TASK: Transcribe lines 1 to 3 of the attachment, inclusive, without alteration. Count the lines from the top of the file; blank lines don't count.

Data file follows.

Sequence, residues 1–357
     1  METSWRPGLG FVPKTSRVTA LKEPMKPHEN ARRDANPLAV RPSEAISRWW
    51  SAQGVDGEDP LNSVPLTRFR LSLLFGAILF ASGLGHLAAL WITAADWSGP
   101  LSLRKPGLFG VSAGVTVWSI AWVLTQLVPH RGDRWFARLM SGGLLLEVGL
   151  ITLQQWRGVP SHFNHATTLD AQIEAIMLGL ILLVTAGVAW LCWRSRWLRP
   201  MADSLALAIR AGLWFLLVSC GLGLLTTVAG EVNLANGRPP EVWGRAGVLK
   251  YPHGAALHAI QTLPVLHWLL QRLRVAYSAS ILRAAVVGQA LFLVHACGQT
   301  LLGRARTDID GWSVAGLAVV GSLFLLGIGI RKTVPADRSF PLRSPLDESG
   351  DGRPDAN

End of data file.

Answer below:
Sequence, residues 1–357
     1  METSWRPGLG FVPKTSRVTA LKEPMKPHEN ARRDANPLAV RPSEAISRWW
    51  SAQGVDGEDP LNSVPLTRFR LSLLFGAILF ASGLGHLAAL WITAADWSGP